VANGUARD INCARCERATED PRESS: Forever Prisoners

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by Fred Munch 

The superior courts in California hand out life sentences like candy at Halloween. In doing so, they’ve filled the numerous state prisons with multitudes of the aged and infirm. If only the taxpayers could fathom the folly of creating and sustaining these forever prisoners, they would use their votes to reform this draconian system. To that end, I want to take them on a tour of a so-called “soft” prison, where I’m serving a ridiculously long 40 years to life.

So let’s get started

Welcome everyone. On behalf of the throngs who call this concrete monstrosity their home, I thank you for visiting today. We’ve invited you here to see your tax dollars at work.

First stop is the dayroom where the doors of eleven six-man dorms open into. As you survey the scene, you might be wondering why there are so many wheelchairs and walkers lined up like a parking lot along the walls of the bottom tier. You should be incredulous at this sight, as I was upon my arrival. Count them and you’ll come up with a total of 18. Meaning that, out of the 66 inmates who reside in this “pod,” 27% of them cannot convey themselves a significant distance without the aid of a mechanical device.

Next, take a walk with me to the dining hall. Look around and you’ll see a wheeled procession of the disabled and their helpers. Also note the many others who walk with canes or hobble along stooped over with wizened faces and long white beards.

As we stand in line waiting for our food trays, gaze out over the hundreds of seated diners and you can’t help but notice the sea of bright yellow vests adorning 30% of them, signifying impairment of one kind or another, “hearing, mobility, vision” printed in bold black letters on their backs. This is why I’ve brought you here: to see for yourselves the confounding spectacle that’s been puzzling me now for many months. Isn’t this the effect of the decades-long tough on crime policies such as the war on drugs; three strikes laws; gun and gang enhancements; declining use of clemency and early parole release; conservative political climate where lawmakers and candidates strive to be the “toughest”; sentences so harsh they amount to death by incarceration.

We should be asking for someone in authority to explain how a feeble old man in a wheelchair could possibly pose a threat to society and needs to be locked up until his dying day.

Why can’t the $75,000 it costs per year to care for him be allocated to benefit future generations and address the root causes of crime?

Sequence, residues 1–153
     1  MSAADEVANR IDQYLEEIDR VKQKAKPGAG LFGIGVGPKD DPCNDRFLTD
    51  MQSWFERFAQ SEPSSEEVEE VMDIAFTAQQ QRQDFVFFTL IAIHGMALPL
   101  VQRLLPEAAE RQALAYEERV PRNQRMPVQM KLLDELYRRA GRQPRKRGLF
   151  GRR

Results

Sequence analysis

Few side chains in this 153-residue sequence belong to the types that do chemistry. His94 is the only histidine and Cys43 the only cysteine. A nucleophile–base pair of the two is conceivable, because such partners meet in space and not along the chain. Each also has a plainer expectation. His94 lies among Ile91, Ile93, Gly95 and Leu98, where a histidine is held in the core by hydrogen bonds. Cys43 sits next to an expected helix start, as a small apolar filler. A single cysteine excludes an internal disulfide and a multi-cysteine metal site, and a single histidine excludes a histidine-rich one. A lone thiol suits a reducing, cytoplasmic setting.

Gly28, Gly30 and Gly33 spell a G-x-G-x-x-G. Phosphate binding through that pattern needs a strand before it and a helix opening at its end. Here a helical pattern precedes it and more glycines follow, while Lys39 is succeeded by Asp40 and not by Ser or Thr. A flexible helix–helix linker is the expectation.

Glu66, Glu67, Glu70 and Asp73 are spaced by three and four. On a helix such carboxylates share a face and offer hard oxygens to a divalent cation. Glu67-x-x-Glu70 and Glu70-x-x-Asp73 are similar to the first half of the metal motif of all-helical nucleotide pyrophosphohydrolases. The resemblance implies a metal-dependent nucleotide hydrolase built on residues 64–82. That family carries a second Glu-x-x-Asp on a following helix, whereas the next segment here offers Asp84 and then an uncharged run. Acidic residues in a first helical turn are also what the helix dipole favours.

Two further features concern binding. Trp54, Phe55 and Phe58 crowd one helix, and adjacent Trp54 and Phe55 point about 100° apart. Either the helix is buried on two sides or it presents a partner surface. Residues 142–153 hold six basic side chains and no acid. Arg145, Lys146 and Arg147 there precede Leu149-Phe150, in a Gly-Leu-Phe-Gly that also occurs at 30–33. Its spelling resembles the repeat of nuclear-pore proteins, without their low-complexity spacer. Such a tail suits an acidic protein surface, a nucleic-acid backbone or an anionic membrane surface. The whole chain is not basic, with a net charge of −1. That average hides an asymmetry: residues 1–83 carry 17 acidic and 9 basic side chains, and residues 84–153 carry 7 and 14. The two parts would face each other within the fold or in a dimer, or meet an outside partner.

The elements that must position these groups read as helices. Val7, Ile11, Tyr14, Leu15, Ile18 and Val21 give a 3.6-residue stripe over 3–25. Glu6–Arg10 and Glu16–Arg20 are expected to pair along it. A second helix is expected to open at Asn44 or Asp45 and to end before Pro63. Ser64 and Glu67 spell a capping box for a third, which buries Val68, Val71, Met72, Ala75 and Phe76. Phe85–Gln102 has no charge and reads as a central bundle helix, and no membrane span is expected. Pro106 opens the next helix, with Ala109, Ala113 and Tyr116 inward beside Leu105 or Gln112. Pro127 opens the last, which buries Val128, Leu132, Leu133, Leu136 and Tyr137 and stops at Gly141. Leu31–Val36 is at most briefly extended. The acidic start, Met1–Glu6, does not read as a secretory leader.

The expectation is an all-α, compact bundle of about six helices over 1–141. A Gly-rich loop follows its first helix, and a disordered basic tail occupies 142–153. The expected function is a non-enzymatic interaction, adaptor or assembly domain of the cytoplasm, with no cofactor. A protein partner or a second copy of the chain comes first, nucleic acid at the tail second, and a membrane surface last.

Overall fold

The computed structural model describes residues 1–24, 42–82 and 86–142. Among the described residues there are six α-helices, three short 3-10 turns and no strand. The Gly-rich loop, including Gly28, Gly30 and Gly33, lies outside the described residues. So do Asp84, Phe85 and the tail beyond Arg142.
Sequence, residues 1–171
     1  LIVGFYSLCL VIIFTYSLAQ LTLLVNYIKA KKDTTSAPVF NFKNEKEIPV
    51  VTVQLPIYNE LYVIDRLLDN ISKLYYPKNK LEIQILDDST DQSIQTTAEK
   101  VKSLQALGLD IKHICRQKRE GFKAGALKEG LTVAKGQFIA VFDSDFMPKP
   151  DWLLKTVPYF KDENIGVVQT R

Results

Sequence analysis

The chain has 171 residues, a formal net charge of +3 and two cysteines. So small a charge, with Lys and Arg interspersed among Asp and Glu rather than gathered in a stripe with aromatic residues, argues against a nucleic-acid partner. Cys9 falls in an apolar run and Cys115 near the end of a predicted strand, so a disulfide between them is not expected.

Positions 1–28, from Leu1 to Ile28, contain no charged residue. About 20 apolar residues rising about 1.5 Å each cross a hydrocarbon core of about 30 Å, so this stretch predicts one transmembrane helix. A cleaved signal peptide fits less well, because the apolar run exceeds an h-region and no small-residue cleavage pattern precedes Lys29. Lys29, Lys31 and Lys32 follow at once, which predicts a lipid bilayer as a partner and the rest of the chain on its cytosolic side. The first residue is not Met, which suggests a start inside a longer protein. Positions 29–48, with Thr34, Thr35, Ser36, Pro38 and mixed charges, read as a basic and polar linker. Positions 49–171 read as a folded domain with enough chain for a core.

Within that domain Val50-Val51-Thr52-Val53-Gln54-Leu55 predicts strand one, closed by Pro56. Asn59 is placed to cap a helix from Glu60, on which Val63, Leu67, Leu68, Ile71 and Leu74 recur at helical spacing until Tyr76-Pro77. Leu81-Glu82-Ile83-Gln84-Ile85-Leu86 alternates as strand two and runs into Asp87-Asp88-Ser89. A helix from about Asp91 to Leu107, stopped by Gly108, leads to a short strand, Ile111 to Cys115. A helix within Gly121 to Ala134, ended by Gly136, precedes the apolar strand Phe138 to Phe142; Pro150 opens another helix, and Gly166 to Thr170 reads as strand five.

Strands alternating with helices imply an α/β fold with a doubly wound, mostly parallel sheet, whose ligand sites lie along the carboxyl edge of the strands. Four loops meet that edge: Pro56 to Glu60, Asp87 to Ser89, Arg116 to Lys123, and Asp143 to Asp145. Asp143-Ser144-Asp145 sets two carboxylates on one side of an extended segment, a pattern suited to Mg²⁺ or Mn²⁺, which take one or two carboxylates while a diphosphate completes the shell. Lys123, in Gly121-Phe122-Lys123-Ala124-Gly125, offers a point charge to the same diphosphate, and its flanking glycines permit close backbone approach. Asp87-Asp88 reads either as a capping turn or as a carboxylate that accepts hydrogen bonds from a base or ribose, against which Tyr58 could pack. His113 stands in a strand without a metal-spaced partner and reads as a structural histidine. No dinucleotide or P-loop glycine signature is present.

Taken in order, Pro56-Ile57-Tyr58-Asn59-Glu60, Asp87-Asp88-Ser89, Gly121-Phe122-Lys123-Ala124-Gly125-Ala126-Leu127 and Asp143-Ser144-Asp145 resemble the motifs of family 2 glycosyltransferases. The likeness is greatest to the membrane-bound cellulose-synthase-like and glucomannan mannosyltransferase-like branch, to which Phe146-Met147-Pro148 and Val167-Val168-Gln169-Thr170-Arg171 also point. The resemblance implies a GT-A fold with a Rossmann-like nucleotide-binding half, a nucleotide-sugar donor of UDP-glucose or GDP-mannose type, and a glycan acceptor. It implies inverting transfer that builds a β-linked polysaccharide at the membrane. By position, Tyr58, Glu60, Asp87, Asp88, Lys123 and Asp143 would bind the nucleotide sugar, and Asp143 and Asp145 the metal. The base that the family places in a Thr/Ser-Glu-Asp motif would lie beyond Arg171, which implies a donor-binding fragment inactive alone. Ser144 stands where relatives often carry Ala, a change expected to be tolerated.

In The Meaning of Life, The Case For Abolishing Life Sentences the authors, Muer and Nellis, argue that a life term is “inhumane and counter- productive.” They are given to prisoners in the U.S. at a rate five to ten times more than Canada and Europe. In California, lifers make up 14% of the prison population, which is a 132% increase from 1992. They negate the notion of forgiveness and redemption.

With its excessive punishments, the California injustice system has created a permanent class of offenders who will have to be supported through the duration of their old-age afflictions and resulting exorbitant health care costs, thus perpetuating a massive prison-industrial complex. Progressive legislators in Sacramento crafted a bill recently to require a statement of expense be attached to each sentence. It was defeated by a wide margin.

If a miracle happens, and I’m able to walk out the doors of this old peoples’ home with all my faculties in play, I’m resolved to my last years to speak out against the insanity behind these walls and razor wire fences. I’ll be asking my fellow citizens to imagine all the schools, parks, day-care centers, free lunches, and pay raises for teachers that could be paid for with the billions wasted each year on this debacle of dead ends.

Fred Munch is incarcerated at Mule Creek State Prison and has written extensively for the Mule Creek Post.

About The Author

Disclaimer: the views expressed by guest writers are strictly those of the author and may not reflect the views of the Vanguard, its editor, or its editorial board.

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